- RAMPS – S is for Safety
- RAMPS – Purpose is Service to a Greater
- RAMPS – Ways To Affect Mastery
- RAMPS – Mastery is Opportunity to Grow
- RAMPS – Ways to Affect Autonomy
- RAMPS – Autonomy is Freedom to Move
- RAMPS – Ways to Affect Rhythm
- RAMPS – Rhythm is Tension and Release
- RAMPS – A Way I Approach Motivational Puzzles
- Purpose As Motivator: The P in RAMPS
- Rhythm as Urgency: The R in RAMPS
- Safety as Motivator: The S in RAMPS
- Autonomy: How Freedom Correlates To Urgency
- Mastery As Motivator: The M of RAMPS
- A Sense Of Urgency: RAMPS As A Motivation Model
Let’s talk a little about mastery today, in the sense of the RAMPS conversation from yesterday. What is mastery-as-motivator, and what can we do about increasing its motivational force?
As I said before, the motivational force called mastery is about how humans value their own growth. All of us carry around an idea, implicit or explicit, of how as individuals we could be "better". Mastery as motivator is the sense we have that we’re stepping towards that "better" as we work.
Now let’s be clear, we’re far outside the range of the readily webster’ed definition here. No two "better"s are the same. No given "better" is actually guaranteed to provide real results. My "better" isn’t even the same "better" from day to day!
Nevertheless, there are trends. I value being an effective programmer. I value being kind. I value being seen as net-positive influence. I value shipping, too. 🙂 and tho the local targets of these vague abstractions vary widely, they still fit in my idea of "better".
So what, as a manager, can you do to harness this motivational force of mastery?
Here’s a hint: it’s going to look like a cost, it’s going to be measured by sensitivity, and it’s going to require u not to reduce humans.
First, looking like a cost. Adam Smith wrote much of the benefits of specialization. His ideas morphed into a pretty bizarre cult. The 20th century version of this cult pretends that every trade is like a faux-1960’s-production-line.
I say faux advisedly. Real production lines only barely resemble dumbassed oversimplified machine-like things. That was always a myth. Further, the most successful production lines on earth were soundly defeated in ’80s and ’90s by interlopers like toyota. How were they defeated? By introducing more purpose, autonomy, and mastery into any production method requiring human motivation as engine.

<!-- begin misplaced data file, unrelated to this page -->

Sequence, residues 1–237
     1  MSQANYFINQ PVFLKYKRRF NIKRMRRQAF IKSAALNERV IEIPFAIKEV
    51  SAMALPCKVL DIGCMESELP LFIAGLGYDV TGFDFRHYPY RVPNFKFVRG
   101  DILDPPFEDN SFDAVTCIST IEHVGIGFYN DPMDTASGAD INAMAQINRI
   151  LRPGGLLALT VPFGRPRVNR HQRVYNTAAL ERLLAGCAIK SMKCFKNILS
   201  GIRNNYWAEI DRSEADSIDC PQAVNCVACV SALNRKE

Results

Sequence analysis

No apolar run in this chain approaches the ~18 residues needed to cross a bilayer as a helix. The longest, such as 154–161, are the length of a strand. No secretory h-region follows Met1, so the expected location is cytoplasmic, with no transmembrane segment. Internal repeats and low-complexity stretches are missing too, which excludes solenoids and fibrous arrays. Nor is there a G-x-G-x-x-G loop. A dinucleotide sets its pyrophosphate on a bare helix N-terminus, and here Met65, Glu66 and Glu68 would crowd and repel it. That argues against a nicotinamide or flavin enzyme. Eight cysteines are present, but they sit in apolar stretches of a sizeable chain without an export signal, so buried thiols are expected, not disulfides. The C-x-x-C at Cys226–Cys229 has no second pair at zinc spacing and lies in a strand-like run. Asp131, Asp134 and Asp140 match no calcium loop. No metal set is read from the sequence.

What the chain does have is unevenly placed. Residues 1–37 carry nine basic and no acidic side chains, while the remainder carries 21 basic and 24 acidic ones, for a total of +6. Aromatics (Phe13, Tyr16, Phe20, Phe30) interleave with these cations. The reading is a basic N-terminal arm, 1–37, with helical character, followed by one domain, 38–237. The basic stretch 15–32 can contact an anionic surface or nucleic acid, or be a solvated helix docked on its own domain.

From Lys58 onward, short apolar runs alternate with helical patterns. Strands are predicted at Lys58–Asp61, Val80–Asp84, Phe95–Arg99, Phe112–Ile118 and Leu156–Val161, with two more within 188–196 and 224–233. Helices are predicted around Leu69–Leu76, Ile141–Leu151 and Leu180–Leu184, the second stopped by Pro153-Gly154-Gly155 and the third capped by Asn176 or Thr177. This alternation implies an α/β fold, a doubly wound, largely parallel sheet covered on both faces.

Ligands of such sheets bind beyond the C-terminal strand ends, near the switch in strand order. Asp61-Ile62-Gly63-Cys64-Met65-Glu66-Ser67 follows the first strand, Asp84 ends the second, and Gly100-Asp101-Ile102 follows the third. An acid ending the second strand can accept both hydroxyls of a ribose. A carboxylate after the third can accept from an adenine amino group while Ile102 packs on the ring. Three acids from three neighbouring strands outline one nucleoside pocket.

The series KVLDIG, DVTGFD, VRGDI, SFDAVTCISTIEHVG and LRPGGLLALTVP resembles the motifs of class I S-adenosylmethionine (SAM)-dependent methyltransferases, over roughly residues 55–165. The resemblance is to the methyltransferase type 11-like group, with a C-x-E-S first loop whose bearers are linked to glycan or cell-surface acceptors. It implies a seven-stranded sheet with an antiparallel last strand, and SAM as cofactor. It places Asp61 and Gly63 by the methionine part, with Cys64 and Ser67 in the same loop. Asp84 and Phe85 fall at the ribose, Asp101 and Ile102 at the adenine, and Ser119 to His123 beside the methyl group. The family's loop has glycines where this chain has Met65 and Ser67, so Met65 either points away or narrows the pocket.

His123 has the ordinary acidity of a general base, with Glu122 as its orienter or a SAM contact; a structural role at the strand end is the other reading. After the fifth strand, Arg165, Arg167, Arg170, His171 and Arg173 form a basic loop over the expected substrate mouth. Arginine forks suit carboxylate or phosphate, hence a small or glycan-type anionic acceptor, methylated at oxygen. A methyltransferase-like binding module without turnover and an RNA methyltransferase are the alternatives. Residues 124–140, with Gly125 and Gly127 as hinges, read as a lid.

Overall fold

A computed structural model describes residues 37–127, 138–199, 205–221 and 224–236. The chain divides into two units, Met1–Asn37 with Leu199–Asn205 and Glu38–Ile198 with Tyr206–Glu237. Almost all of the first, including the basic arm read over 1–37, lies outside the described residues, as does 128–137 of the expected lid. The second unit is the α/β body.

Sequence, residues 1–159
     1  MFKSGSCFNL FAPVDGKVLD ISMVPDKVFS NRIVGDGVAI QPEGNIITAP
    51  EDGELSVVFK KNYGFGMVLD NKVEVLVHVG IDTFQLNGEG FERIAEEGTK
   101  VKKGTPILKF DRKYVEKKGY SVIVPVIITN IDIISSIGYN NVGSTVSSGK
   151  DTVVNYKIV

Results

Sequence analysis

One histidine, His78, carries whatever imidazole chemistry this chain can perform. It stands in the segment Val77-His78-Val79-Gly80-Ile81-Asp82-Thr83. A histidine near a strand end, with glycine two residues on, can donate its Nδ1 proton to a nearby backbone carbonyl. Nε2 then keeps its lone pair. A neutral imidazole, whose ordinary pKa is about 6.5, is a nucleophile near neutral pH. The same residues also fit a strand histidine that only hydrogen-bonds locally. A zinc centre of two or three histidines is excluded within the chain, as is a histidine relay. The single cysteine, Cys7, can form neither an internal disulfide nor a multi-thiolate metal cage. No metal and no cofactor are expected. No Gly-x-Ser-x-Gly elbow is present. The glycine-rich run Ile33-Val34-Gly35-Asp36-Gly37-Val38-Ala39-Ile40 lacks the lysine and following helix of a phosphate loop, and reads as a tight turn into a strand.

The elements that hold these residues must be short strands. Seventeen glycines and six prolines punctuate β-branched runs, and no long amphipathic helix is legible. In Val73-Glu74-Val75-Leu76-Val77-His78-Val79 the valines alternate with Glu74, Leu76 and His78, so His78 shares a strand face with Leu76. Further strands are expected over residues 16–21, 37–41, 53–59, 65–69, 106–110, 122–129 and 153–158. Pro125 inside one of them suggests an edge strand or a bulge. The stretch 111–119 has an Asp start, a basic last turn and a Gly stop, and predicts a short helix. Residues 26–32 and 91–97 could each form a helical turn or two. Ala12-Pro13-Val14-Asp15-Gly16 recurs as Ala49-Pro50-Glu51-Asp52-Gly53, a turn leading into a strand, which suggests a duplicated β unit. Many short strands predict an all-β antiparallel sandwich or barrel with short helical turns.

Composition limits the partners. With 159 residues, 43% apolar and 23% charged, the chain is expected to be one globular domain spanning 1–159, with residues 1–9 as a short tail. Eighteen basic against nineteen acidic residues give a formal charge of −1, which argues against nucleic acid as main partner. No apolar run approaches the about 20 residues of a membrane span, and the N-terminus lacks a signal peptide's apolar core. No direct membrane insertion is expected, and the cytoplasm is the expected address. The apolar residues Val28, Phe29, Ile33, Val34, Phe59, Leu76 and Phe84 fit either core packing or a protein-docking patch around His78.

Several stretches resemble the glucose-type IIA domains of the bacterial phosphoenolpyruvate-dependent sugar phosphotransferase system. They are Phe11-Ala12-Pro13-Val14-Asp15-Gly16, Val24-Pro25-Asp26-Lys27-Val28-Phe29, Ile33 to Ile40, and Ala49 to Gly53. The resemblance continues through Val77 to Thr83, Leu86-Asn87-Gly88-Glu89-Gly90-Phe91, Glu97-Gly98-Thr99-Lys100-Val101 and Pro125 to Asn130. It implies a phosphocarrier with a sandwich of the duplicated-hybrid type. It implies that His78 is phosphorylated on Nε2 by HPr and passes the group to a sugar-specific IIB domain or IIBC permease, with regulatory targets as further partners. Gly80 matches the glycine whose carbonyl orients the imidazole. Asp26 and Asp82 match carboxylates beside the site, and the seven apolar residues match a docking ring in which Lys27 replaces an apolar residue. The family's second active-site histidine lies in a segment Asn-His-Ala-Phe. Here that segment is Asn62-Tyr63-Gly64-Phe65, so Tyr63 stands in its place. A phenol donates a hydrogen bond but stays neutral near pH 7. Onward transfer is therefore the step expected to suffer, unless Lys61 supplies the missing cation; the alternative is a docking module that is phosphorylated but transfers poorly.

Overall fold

(Long digression over. Sorry. Sometimes I get overwrought.)
Onto the question of measurement. Just, don’t. No excel. No powerpoint. No reporting. You’re going to have to watch & listen & live with. Not reducing humans. To get to that, i’m actually going to jump forward. I want to morph the q "how do I instill sense of urgency?" the new (sub) question: how do I present my individuals with the right size & shape of challenge to mesh with their "better"?
You’re gonna have to learn their "better" a little, first. You can ask, and that will help. You can also watch, and that will help. Pick a human. Vary the types of tasks you offer them. Watch for the cases where they jump right in, eyes alight. bingo. I say "offer" for a reason. Don’t assign. It violates autonomy and it’s likely to demotivate more than motivate.
Notice, too, very important: I said "individuals" in my question, not "team". There are a few team "better"s one encounters, and I always look for them. But don’t hold out for that.
Size and shape of challenge are really important. By shape we’re talking about tasks that are just within someone’s reach. "rewrite our entire database" isn’t within anyone’s reach. "take this file and make it awesome" is closer. How about, "riff on adopting ELM for a half hour". "run the retrospective tomorrow?" "unify how we fetch orders?" these are all options.
You simply must work with people to find tasks that are not at the center of their current competency. You simply must see tasks rotated among people who aren’t task-specialists. And you have to accept that the cost of this — on-paper inefficiencies — is more than repaid by the benefit — a driven team.
You don’t have to go blind into this. You don’t have to change policy — yet. Try some experiments and see what happens. Do you allocate time for your individuals to do any damned thing they think might help? Think it over. Start small. Make it happen.
Get your DB gal rolling JS. Get your JS guy trying a backend experiment. Get all of them sharing results with each other.
Celebrate lessons. Celebrate learning. There are plenty of non-economic reasons to do this, but the economic ones are sufficient.
We work with geeks. Geeks, by definition, love learning this shit. It is what we are, that love.
That’s it for now. I know it was long, more disorganized than yesterday. That’s to be expected. Everything i’m saying is "simple not easy". Work with individuals to learn their "better" & aim them cheerfully right at it. You’ll get more urgency than you ever dreamt possible.